Wednesday, June 20, 2012

Render BIG, then crop to your heart's content


click to see all images at large size...

Till very recently, I was "rendering in a keyhole," because if I tried to render a larger picture I would just get a crash to the desktop long before I even got a picture. And you know, I'm still in the habit of rendering at modest sizes, even though now I could actually render the side of a barn, so long as I do it in DAZ Studio rather than in Bryce or LuxRender. Admittedly, Bryce and LuxRender take one heck of a lot longer, but ...

Here's a neat piece I call "The Gypsy." I've uploaded the top version of it at 1600 pixels wide, so you can see the details, but I actually rendered it at 2000 wide, and it took about 90mins, because it's loaded with vegetation. As soon as you add in the vegetation, the render times go into orbit. But here's the beauty of rendering at humongous size:


The Gypsy Vanner ... and click on this, see him at full size ... you can actually crop a full-size, finished picture out of a small part of the whole image. The luxury of this is soooo neat. And then:


Indulge yourself in a super-wide, panoramic version! This one is reduced to 1600 pixels wide, because at 2000 it won't even fit on most monitors. And every time you crop the image, the "character" of it changes. In this one, you don't get such a strong impression of a young guy and his horse totally overwhelmed by the mountain wilderness; and in this version...


...it's very much a story about the vehicle first, and then the young man -- your eye is commanded by the gypsy wagon itself, and the young guy, tasty though it is, is secondary. But... 


...crop it closer, and it's a picture of a young man standing in front of a gypsy wagon, with just a hint of mountains in the background. Even the top picture was cropped down from the original, full-sized render:


I couldn't decide what aspect ratio I had, so I said words along the lines of "never mind, I'll render it as if it were a shot off the digital camera and worry about it later. So this one, here, is the original aspect ratio, which I've resized to 1000 pixels wide for this upload.

Cropping images was an art all in itself, back in the days of (ye gods!) darkroom photography. You actually decided what part of the negative you wanted to print. You ran the projection head way up to the top of the pole, and moved the "easel" around under it till you saw the exact framing you wanted of just a bit of the negative. Then you had to calculate your exposure time, to get the right contrast and darkness on the image before you put it through the developing "baths." Ahhhh, those were the days! I used to walk out of the darkroom with my fingernails bleached white, and a case of "vampire eyes," because the fumes off the chemistry were a little bit harsh. Digital photography changed everything. In so many ways it's far better, because you can take 100 pictures, where you used to take one, and you can do literally anything with the images, in Photoshop, after the fact. But I still think back with some nostalgia on those darkroom days.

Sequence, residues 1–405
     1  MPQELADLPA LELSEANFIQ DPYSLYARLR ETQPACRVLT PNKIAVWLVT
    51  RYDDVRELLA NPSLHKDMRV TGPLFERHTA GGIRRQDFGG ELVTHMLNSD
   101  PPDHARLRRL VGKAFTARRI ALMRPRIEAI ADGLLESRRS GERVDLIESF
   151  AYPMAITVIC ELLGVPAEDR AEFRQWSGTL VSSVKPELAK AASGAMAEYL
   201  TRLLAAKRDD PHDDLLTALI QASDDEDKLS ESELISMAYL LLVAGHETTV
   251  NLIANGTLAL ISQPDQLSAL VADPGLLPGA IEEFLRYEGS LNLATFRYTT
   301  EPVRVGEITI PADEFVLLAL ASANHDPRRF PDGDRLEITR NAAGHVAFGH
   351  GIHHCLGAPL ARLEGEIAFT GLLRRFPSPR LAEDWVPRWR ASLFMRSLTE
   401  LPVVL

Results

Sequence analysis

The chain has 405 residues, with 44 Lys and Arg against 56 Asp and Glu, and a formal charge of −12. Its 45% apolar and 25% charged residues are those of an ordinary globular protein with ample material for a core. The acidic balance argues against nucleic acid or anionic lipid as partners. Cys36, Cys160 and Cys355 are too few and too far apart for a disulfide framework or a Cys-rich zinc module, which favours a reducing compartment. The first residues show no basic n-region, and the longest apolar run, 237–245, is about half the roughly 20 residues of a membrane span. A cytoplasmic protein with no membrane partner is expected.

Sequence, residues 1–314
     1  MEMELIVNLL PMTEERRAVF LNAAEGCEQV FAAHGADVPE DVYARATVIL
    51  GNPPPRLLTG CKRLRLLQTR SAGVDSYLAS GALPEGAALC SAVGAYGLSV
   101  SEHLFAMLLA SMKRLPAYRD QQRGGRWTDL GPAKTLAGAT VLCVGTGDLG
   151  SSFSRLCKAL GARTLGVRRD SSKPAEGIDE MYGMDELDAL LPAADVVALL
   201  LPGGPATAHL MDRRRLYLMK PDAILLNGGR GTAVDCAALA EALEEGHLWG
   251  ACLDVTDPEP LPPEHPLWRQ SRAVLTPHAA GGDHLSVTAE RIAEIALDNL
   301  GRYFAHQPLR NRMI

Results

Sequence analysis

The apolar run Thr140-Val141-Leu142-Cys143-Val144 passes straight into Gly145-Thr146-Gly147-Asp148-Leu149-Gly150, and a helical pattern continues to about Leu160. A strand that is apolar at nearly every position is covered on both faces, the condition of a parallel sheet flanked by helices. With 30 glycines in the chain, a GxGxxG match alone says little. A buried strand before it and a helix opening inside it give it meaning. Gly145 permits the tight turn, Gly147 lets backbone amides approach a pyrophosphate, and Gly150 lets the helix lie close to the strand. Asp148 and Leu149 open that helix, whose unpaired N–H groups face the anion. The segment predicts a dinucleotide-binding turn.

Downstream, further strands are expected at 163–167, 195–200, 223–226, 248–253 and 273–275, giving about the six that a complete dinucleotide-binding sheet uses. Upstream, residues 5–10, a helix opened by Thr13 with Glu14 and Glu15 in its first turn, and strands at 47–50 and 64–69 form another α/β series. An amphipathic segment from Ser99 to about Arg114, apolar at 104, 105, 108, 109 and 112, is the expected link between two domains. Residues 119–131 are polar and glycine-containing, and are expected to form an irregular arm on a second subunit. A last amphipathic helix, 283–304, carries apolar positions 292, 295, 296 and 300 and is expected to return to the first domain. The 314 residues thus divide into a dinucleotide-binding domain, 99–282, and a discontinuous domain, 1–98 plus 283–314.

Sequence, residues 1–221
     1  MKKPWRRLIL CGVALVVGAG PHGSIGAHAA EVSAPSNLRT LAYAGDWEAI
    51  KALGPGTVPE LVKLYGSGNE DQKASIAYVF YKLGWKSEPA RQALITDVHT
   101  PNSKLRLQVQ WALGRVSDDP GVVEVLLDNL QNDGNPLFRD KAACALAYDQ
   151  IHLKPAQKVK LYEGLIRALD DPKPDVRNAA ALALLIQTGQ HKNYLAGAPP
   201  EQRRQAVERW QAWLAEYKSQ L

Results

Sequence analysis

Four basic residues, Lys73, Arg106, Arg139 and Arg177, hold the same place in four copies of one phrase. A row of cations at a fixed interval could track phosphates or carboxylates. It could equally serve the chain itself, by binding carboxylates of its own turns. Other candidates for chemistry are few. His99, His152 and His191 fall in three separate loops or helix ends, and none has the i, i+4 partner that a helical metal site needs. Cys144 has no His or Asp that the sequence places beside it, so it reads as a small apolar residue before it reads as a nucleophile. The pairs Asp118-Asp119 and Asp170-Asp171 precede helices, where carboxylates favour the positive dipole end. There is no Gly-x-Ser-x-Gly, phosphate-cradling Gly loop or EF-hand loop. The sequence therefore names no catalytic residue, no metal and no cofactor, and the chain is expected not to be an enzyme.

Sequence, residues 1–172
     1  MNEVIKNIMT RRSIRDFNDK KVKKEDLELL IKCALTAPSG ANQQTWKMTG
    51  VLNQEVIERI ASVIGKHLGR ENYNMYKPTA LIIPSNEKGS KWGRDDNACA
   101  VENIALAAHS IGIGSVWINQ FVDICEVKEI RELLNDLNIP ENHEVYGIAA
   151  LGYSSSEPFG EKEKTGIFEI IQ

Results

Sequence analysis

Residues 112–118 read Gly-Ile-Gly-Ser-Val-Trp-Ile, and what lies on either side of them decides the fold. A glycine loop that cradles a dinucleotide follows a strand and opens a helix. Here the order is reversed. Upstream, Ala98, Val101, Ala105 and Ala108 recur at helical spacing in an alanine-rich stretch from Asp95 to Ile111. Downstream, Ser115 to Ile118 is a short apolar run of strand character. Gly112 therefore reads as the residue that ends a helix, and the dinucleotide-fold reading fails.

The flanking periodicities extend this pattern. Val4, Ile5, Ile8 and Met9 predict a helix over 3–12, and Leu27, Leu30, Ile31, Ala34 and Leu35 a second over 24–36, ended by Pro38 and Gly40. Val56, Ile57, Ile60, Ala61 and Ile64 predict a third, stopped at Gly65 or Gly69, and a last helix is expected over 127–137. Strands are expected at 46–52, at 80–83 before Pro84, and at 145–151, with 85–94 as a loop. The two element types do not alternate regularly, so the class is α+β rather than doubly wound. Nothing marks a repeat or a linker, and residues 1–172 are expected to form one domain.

This image involves Michael 4 wearing Sickle Yield's Skinny Jeans, the Garry Hair, and the Jackson skinmap. He's standing in front of the model called "Gypsy Caravan" -- can't tell you the vendor, but you can find it at, I think, Content Paradise. The horse is the Millennium Horse (from DAZ), and he's wearing the CWRW gypsy horse skinmap, and the Millennium Horse bridle, with the reins turned off. The hillside was created in Bryce and exported as an .OBJ -- the mountain in the background was done the same way. I re-textured both hillside and mountain with my own textures ... and the way you get the mountains to go silver-blue with distance is to make a plane (primitive), stand it on its edge, make it silver-gray and put a ~50% transparency on it. The sky isn't a backdrop -- it's one of the Vue skyscapes that fit the Light Dome Pro prop (just what it sounds like: a huge hemisphere, inside which you park all your props, and then you can spin the camera around because it's, uh, a dome!). The trees were from the Content Paradise store (Smith Micro's model store), and are the Rhodi Design Baby Fir Trees. The ground cover is one of the PNature shrubs (Renderosity again), cloned over and over and over and buried in the ground model so that only a small part of the top shows ... instant ground cover. The lights: I turned OFF all the Light Dome Pro lights because (sorry dudes ... I know what your advertising says, but...) they were somewhat worse than useless for getting a good result. I lit this myself with one distant light to simulate the sun, and five assorted spotlights, all with shadows. If this were done in LuxRender, with the "unbiased " form of lighting, you'd just use the one distant light -- the sun ... and it would be rendering for about a week! I wanted the picture fast, so I just did it in DAZ Studio. 

There is some post work on it, which was done in Photoshop, with .abr brushes: the clouds in front of the mountain were painted with Mystikel's Clouds (Renderosity), and the birds are Ron's Birds (DAZ); and there are some grasses painted here and there, but for the life of me, I can't remember which brush set I used. Other than this, some of the shadows were hand-painted, and the reflection in the van's window was also hand painted.

Next project: I'm going to fly the camera in close to the gypsy boy, and do more of a portrait shoot than a "figure in a landscape."

Jade, June 21 (the solstice of winter!)

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